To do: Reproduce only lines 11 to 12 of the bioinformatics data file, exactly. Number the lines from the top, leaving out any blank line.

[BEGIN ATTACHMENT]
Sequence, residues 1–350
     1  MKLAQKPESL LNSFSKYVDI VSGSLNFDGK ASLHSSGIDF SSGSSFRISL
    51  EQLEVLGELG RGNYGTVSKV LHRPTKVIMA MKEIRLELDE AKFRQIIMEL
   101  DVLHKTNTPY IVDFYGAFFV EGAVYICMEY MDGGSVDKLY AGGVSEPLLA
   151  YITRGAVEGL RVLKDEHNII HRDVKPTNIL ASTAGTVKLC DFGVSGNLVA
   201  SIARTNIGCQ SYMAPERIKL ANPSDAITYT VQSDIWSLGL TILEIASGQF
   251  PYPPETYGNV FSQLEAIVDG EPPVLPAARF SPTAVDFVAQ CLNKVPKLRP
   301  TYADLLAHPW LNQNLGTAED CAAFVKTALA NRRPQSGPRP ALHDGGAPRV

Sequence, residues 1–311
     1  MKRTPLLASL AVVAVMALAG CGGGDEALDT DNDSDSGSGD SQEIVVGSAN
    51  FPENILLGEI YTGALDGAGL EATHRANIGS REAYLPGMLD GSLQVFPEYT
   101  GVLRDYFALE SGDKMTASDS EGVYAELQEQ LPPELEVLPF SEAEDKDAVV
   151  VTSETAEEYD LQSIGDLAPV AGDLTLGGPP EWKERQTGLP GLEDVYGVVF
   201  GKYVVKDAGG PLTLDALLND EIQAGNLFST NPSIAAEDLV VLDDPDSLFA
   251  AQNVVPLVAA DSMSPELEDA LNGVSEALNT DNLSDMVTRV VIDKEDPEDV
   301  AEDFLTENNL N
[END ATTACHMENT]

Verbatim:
    51  FPENILLGEI YTGALDGAGL EATHRANIGS REAYLPGMLD GSLQVFPEYT
   101  GVLRDYFALE SGDKMTASDS EGVYAELQEQ LPPELEVLPF SEAEDKDAVV